Actions driven by perfectionism and shame can’t sustain long-term motivation or change.
Perhaps, like me, your top priority is for women to have dignified, consistent work that honors their time and skill. Perhaps environmental concerns are your top concern, as consumption continues to grow and the planet groans under its consequences. Maybe size inclusivity and representation is your most important consideration. Your own passions, background, positionality, and story will play a part in determining what is truly meaningful to you, but regardless, you can cast a vote for the kind of world you want to live in with every dollar you spend.
Mindfully, not perfectly
As we set out to care deeply and align our actions accordingly, let’s do so from a place of freedom and curiosity, rather than shame or criticism. In pursuing an authentic commitment to your own core values, begin with the understanding that actions driven by perfectionism and shame can’t sustain long-term motivation or change.
If you’re wanting to take a few steps in the direction of shopping more consciously (not perfectly, but mindfully), it can be a creative, reflective, and inspiring practice in determining who you want to become. Not only as a consumer, but as a global citizen. You’ll discover brands that are supporting artisans, having a positive impact on the planet, and developing innovative operation models that are solving complex social problems through wildly creative means.
So, if deeply harmful industries can be revolutionized for good when we put our talent, energy, and creativity toward positive collaboration, then as consumers, our choices have power. How we shop not only affects legislation, demand, and culture around fashion, but it also shapes our own habits and narratives to reinforce our values and keep us personally engaged with the issues we care about.
Steps to get started:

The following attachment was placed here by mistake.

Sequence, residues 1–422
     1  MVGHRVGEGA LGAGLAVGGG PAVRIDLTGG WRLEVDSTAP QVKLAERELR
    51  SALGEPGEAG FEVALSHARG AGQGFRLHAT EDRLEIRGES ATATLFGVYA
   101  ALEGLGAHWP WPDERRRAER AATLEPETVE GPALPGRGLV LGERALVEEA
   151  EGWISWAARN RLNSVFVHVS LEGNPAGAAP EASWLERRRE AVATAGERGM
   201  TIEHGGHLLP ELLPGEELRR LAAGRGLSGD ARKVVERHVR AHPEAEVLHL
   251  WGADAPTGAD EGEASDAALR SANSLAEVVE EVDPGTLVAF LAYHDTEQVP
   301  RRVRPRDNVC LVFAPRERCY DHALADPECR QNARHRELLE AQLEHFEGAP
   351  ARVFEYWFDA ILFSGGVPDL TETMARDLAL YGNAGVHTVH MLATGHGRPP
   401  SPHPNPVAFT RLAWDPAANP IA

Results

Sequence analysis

- Determine your priorities.
Start with one to three priorities to guide you as you shop through a lens that is simple, attainable, and meaningful to you.
- Consider every dollar as a vote.
Shoppers have a lot of power, and when we individually and collectively advocate for our favorite brands to clean up their supply chain, increase transparency, and participate in social justice initiatives, the message makes its way to decision makers.
- Consume less.
It is accepted, and encouraged, in our culture to purchase at a rate that is historically alarming. Personally, it has taken me multiple years to undo a perceived need to buy a new dress for every wedding I attend, a new bathing suit every summer, and any and every sweater I try on.
Swapping brands that are harming people and planet for those that are mission-driven and impact-focused can be a great place to start with ethical consumption, for those with the means. However, an arguably more meaningful opportunity lies in the invitation to zoom out and reconsider your rate of consumption in general.
For me, this has looked like shifting my focus from loving what’s new, to loving what’s quality—not only does buying fewer garments per year have a positive impact on the planet, but it’s much easier on your wallet, allowing you to invest in truly beautiful pieces that will last a lifetime if cared for properly.
- Make it easy (and fun!) on yourself.
Open the Notes app in your phone and write out a heading for each product category you wear—shoes, loungewear, formal wear, basics, denim, etc. This list will act as your catch-all reference sheet for brands you hear about that align with your values. Over time, as you get a recommendation from a friend or come across a new brand online, you can build out each category so that when you do need something new, you have a pre-curated list to reference that you can feel excited to browse and support.
For as long as humans have been getting dressed, garments have been an expression of a culture, a meaningful skill, an economic opportunity, and a marker of community affiliation. The art of getting dressed is a gift to participate in, and adjusting our habits to treat it as such doesn’t have to be burdensome or groundbreaking to be significant. Your wardrobe can speak to who you are, what you believe, and where you’re going. Let yours tell your story well.
Center for Women’s Global Leadership. (n.d.). Garment worker sector focus. Global 16 Days Campaign. Retrieved October 10, 2022.